A Guide to Ecological Growing with Poppy Okotcha
Former model Poppy Okotcha turned to gardening after experiencing burnout in the fashion world. ‘I was exploring how to look after my body better, and a lot of that was to do with food and understanding that nutrient-dense food comes from healthy soils,’ she tells C&TH. In tandem with that, Poppy was becoming more interested in climate change, and soon began to notice parallels between personal and environmental health. She documented her findings on Instagram, focusing in particular on ecological growing, and quickly made a name for herself in the world of horticulture. Here Poppy tells us about her gardening ethos, tips for beginners and the challenges of growing your own food on a houseboat.
A Guide to Ecological Growing with Poppy Okotcha
How would you describe your gardening ethos?
I call what I do ecological growing, and that encompasses so many things. I grow organically, so don’t use any chemicals. I also focus on soil health, which means I don’t dig the soil. When we dig the soil carbon is released, but also it breaks up the life that lives in the soil and leads to less healthy plants in the long run. The other thing is seed saving. It’s a lot cheaper and safeguards diversity in plants which is really important, especially in the face of climate change. I also consider water harvests – being able to capture water rather than having to use water from the mains. The last thing is focusing on community, so making sure the work you’re doing in your garden will in some way benefit the wider community – or at least not degrade it. That can look like not spraying in the garden because it can create a problem for your neighbour if they’re growing organic, or swapping and sharing seeds or plant cuttings.
Why is it so important to grow our own fruit and vegetables?
Focusing on local production is going to become more and more important. It reduces air miles and reduces packaging, and means we can eat more seasonally, with a better understanding of where the food came from. It gives us a bit more power over understanding whether our food has been sourced ethically or not. It’s also a way to reconnect with the natural world. When we talk about changing the way our cultural narrative runs in relation to the land, we can’t really change that language unless we have a genuine connection to it. Growing food is an amazing way of understanding that if we look after the land, the land will feed us. When we understand that, making changes in the face of climate change becomes so much more organic, less challenging and less of a sacrifice.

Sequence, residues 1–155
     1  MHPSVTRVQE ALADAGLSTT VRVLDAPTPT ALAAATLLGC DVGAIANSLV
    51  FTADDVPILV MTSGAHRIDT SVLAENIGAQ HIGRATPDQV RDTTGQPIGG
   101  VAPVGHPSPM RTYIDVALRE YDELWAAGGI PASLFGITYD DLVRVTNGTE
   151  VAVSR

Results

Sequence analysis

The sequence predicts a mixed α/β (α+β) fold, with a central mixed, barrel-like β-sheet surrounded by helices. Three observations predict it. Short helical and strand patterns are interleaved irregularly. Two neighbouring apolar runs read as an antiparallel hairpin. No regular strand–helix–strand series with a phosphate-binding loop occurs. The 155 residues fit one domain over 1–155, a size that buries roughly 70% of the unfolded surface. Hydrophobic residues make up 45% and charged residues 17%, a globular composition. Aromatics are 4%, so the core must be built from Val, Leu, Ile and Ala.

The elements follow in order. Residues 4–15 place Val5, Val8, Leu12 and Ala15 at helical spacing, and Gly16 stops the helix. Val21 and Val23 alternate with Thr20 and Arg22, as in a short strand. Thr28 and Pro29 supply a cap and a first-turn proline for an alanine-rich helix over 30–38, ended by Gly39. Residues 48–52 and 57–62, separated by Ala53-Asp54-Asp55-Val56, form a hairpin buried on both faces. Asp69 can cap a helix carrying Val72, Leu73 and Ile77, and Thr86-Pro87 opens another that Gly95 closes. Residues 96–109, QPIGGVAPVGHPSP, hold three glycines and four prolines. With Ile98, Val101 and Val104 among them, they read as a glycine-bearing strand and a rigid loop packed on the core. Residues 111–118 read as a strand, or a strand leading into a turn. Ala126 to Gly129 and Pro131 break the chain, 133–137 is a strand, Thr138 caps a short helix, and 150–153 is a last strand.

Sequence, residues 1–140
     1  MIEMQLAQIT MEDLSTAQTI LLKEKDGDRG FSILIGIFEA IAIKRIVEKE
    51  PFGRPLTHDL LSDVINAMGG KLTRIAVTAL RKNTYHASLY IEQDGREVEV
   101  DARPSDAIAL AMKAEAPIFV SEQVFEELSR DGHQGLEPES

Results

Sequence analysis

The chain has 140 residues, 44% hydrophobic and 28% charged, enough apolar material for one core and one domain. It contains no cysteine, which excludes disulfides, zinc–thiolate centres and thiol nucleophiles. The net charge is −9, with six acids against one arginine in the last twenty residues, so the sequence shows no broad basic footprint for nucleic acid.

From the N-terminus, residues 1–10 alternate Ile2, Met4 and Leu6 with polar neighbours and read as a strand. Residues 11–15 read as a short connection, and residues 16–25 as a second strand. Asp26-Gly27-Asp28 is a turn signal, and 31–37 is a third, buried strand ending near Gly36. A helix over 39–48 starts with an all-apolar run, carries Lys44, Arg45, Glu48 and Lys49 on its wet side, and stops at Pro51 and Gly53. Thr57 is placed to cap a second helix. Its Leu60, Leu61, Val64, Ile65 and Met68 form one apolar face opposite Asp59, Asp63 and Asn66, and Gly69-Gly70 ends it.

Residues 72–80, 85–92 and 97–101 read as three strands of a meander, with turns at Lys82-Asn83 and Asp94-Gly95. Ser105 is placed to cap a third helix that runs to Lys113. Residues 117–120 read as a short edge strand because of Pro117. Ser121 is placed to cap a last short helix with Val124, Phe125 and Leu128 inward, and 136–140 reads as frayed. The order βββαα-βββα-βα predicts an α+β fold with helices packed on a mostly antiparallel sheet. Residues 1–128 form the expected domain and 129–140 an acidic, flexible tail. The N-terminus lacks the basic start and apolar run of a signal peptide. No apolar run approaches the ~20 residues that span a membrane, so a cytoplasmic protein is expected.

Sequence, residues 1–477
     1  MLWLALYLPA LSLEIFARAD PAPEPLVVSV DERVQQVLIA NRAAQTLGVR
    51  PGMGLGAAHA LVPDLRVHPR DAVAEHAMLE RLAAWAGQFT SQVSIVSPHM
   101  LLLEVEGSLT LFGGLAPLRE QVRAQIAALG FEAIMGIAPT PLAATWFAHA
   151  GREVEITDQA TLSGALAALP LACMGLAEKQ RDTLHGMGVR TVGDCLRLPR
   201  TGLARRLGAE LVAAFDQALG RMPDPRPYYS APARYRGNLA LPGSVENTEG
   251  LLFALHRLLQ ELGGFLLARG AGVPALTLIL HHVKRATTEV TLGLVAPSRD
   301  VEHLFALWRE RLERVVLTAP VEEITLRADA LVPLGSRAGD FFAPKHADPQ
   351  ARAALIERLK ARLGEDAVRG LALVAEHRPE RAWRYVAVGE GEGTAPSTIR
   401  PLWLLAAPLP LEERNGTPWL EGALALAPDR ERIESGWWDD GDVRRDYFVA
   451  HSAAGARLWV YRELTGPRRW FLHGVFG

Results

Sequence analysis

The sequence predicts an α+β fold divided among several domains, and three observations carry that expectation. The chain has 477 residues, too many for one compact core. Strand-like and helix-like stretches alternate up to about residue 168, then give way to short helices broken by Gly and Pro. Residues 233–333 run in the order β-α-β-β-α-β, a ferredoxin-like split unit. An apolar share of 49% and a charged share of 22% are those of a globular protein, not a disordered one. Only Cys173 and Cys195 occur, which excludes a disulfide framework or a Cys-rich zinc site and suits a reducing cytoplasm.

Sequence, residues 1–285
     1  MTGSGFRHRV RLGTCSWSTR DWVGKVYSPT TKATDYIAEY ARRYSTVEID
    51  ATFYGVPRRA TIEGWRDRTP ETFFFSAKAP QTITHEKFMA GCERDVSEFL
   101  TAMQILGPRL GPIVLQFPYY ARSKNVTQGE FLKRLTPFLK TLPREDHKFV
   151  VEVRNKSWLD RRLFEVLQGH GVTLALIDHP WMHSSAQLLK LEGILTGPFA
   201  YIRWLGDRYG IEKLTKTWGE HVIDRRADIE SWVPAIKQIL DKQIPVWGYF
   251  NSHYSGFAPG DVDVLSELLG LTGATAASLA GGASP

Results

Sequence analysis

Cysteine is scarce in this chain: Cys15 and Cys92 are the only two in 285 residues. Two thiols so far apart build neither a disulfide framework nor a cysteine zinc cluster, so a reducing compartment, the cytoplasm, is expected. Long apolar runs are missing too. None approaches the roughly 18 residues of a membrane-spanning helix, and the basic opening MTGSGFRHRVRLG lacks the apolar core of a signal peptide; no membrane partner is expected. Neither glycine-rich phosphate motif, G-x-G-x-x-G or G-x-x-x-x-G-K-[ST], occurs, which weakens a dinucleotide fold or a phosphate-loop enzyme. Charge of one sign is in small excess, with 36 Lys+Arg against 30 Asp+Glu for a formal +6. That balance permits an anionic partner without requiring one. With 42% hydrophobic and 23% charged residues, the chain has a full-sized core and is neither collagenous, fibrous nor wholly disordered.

What are you growing at the moment?
This year has been a bit of a lettuce year, because it was really cold in the spring so I lost a few tomato plants – which are normally my favourite. And because it’s been so wet the slugs and snails have been out in full force, so the lettuces I’ve planted densely are the things that are thriving. I’ve also been experiencing mildew and blight in the garden because of the wetness, so the tomatoes and courgettes aren’t super happy.
Do you have any tips for gardening beginners?
Start small and don’t overwhelm yourself. Start with seeds because it’s so much cheaper, so if you have any plants that don’t quite make it you’re not losing out on loads of money. It’s also a really amazing experience watching a plant go from seed to an edible crop. Find a nice seed supplier that produces organic seeds, as local to you as possible, and choose crops that don’t need to fruit – things like kale, chard, lettuce and Asian greens.
What advice do you have on growing in small spaces?
If you’ve really got no space at all, try growing sprouts on a windowsill. Also, a big part of gardening that gets overlooked is the compost side of it. A really amazing way to compost in small spaces is with a worm bin – you can even keep them under your sink. It’s a way to turn kitchen scraps and waste into a resource which you can donate to friends or a community garden, or use for your pot plants. If you’re growing in containers, go as big as you can with the container, with as much depth as possible, because then the container won’t need watering as much so the plants can really put their roots down.
You spent some time living on a boat – what challenges did you find?
I didn’t have a garden, so I was growing in containers. The biggest challenge was keeping the plants hydrated, and part of what I did to help with that was always making sure the soil was covered with a mulch; sometimes I even used cardboard or newspaper. That reduces the water loss through evaporation. I’d also get a plastic bottle or carton, take the lid off, bury it in the ground upside down, chop the top off and then pour water into the bottle so it would drip feed down into the soil.
Any sustainable swaps you’ve discovered recently?
Biochar in the garden is a cool one to add to the growing space. I’m renovating the house at the moment and we’ve been using earthborn paint, which is low-impact. I also buy most of my stuff on Facebook Marketplace – it’s cheap and local and you can find the most amazing gems. Buying in bulk is another good one – I’ve got a friend who buys in bulk and separates it out amongst a group of friends so it uses less packaging.
Why did you decide to partner with WWF?
More than ever it’s really important that we understand how biodiversity and natural spaces are going to be affected by climate change, and the work WWF do within that field is really important.
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